Syrian Local Councils

Establishment of Local Councils:

The Local Councils in Syria represent an alternative to the absent civilian government in areas under regime control or recently freed since the councils are run by the people living of the area.

When the revolution began in Syria, there was a humanitarian crisis due to the regime’s suppression. This led to negative impacts on large numbers of people in almost all cities and villages. The people started to help one another and offer necessary services to those in need of them; however the level of need climbed too high for any individual or small organization to offer without working and coordinating with others.

The Local Councils offered many services, some examples of those are:

  • Humanitarian aid in the form of food and shelter
  • Medical aid and services
  • Media services
  • Municipal services such as managing sewage, garbage disposal, education, securing water and diesel fuel, policing and other responsibilities

Leadership was for those individuals and groups who tried to provide their services to the largest number of people in need, in a better and more consistent way. Most of the financial and in kind support came from individuals inside and outside of Syria until the level of need was too high. Fundraising campaigns then began outside Syria aimed at individuals and organizations in nations near and far. Those who secured the support decided upon how the resources were distributed. The Local Councils are completely connected with the opposition groups whether revolutionary or military. They play an important role through providing civil services to these groups, which give it a reason to continue its work. Most of the time city councils are formed from the revolutionary councils and in some cases formed from the military councils.

Goals of the Local Councils:

The Local Councils aim to fill the gap that an absent government has left behind by providing services to structure future municipalities and to liaise with the transitional government for future elections.

We can define some of our goals more specifically as:

  • Administering all aspects of civil live, for the Local Councils to represent all individuals who are working in providing civilian services to all governorates, in order to follow up and monitor efforts to guarantee quality and improve efforts.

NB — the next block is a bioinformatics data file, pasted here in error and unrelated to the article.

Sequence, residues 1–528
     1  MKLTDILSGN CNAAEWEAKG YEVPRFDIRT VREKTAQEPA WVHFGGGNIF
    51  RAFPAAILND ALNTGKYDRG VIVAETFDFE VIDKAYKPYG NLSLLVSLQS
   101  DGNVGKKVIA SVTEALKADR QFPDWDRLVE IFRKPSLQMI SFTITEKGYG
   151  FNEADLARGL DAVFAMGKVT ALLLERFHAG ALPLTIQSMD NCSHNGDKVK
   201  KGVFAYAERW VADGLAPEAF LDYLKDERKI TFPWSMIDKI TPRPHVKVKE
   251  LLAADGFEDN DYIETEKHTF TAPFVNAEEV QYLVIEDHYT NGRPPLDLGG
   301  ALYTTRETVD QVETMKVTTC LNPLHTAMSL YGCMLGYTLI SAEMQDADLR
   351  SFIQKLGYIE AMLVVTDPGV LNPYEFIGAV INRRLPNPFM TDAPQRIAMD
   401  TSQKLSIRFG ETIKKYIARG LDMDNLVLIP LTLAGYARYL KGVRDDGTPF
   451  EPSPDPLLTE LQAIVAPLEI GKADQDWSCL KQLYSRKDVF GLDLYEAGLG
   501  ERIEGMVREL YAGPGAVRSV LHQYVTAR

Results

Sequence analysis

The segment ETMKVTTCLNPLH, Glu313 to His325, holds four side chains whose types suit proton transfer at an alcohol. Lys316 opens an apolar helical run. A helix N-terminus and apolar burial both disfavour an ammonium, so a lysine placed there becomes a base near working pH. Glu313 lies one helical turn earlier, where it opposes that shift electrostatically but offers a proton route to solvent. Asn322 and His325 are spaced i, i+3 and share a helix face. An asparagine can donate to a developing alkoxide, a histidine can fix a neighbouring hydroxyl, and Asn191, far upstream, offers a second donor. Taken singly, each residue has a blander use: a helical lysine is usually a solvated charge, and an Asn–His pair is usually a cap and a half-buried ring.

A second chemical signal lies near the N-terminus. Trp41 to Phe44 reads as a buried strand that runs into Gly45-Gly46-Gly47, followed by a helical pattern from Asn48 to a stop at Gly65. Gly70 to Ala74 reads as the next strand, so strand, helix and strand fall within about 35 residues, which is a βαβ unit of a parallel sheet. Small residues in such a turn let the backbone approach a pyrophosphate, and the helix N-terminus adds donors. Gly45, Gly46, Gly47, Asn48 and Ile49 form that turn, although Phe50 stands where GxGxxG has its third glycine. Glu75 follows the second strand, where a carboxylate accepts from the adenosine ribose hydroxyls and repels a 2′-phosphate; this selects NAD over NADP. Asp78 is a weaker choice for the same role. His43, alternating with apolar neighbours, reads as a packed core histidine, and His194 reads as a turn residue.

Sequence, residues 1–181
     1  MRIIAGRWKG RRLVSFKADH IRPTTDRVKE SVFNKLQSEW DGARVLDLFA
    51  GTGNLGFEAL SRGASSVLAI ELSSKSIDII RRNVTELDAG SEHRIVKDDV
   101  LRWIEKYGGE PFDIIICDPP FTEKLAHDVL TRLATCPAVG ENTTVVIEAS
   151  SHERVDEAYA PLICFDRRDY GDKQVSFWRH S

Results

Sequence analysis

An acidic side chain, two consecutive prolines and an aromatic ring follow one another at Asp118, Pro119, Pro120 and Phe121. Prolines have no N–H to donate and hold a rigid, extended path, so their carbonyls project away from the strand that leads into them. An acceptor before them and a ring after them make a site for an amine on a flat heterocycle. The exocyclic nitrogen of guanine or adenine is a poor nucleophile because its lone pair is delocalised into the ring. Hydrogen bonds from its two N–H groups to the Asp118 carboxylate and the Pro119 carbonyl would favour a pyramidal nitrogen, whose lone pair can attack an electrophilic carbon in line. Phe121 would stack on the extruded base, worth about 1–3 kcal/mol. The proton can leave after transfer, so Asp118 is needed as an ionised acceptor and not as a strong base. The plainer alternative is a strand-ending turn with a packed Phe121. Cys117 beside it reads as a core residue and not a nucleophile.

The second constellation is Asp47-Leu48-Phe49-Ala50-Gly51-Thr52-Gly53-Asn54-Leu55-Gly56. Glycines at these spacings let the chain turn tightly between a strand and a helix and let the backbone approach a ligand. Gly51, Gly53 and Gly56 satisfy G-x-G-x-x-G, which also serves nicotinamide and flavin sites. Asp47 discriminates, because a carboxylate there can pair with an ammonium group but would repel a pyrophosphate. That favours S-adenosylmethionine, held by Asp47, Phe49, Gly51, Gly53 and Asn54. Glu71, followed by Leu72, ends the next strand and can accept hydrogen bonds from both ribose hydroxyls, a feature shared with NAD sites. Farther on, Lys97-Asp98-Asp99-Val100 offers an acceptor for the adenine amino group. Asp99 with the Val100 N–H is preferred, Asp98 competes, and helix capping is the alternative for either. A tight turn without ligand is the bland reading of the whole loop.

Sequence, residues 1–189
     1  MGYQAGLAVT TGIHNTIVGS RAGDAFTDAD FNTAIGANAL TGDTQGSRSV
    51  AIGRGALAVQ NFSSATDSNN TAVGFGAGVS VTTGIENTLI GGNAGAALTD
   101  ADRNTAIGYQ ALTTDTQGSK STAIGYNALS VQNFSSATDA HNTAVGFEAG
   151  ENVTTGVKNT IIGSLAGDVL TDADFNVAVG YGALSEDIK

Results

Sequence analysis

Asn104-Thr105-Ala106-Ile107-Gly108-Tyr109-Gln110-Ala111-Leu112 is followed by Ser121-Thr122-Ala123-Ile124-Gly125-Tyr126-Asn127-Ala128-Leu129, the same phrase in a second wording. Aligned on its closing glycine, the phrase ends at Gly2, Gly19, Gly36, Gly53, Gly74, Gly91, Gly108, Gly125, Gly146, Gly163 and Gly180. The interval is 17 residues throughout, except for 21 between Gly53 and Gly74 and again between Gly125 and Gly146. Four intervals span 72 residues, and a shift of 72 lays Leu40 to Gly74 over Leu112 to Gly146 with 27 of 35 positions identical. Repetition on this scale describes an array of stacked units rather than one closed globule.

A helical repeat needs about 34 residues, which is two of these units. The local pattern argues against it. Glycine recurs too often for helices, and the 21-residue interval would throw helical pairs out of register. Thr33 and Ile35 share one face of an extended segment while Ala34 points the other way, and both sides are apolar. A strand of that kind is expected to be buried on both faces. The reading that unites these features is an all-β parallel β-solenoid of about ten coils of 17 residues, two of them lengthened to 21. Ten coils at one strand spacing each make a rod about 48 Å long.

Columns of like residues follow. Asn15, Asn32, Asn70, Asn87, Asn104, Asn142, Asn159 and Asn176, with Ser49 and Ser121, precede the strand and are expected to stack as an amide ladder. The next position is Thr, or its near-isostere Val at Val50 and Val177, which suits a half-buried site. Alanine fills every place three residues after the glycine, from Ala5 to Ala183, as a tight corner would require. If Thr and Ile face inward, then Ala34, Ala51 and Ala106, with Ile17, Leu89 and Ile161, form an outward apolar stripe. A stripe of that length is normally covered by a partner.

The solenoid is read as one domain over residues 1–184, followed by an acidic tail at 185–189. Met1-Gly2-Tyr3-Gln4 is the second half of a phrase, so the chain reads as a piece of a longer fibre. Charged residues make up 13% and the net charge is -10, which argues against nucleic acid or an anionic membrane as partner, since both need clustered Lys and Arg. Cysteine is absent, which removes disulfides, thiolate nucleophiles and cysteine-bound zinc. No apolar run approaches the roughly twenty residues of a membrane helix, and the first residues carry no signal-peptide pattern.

• Distributing all aid that reaches governorates whether from individuals, groups, or nations through specialized networks in all aspects of the Local Councils’ fields of work, with the standards of justice and transparency.
  • Offering services including relief services, medical services, media services, civilian police force, legal services, rebuilding services, development of administrative and skills services and others.
  • Creating the nucleus of future municipalities, which will be tied to the temporary government, and then the elected government.
  • To build and strengthen national support in society through civilian work far from any ideology, party, or political desires.

Challenges facing the Local Councils:

There are many challenges faced by the Local Council, here are some of them:

  • Weakness in ability to execute, despite the fact that the Local Councils, as we stated before, most of the time came from revolutionary councils whose members were the bravest and most were willing to provide services by threat of guns and shelling. Their selection was not based on available expertise or requested qualifications and so their ability to administer municipal services was weak in most cases.
  • A lack of required expertise in administering municipal services since the Local Councils were formed during a developing crisis and most of the people involved in the council had never been involved in such work previously.
  • Lack of clear organized structure regarding responsibilities and permissions.
  • Lack of clear inability to create good decisions, since there is no decision making mechanism that follows specific guidelines, and instead left to the individuals responsible to decide for whom to provide aid and services.
  • Lack of specific details that are depended upon in order to present the needs and draw a clear plan of action. Lack of information is one of the main challenges facing the Local Council. It is not possible in such critical and risky conditions to confirm the accuracy of information provided. There is an increasing demand for aid and services, which increases on a daily basis, and there is not a lot of room to verify information, and it became clear in many cases that information provided could not be depended upon.

Bylaws of the Local Councils in Syrian governorates

Composed of eight sections:

  • Section 1: Definitions and generalities
  • Section 2: Goals, objectives, and components of the local councils.
  • Section 3: Membership
  • Section 4: Functions of local councils in the governorates
  • Section 5: Local councils of cities, towns, and municipalities
  • Section 6: The executive boards of cities, towns, and municipalities.
  • Section 7: Financial provisions
  • Section 8: General transitional provisions.
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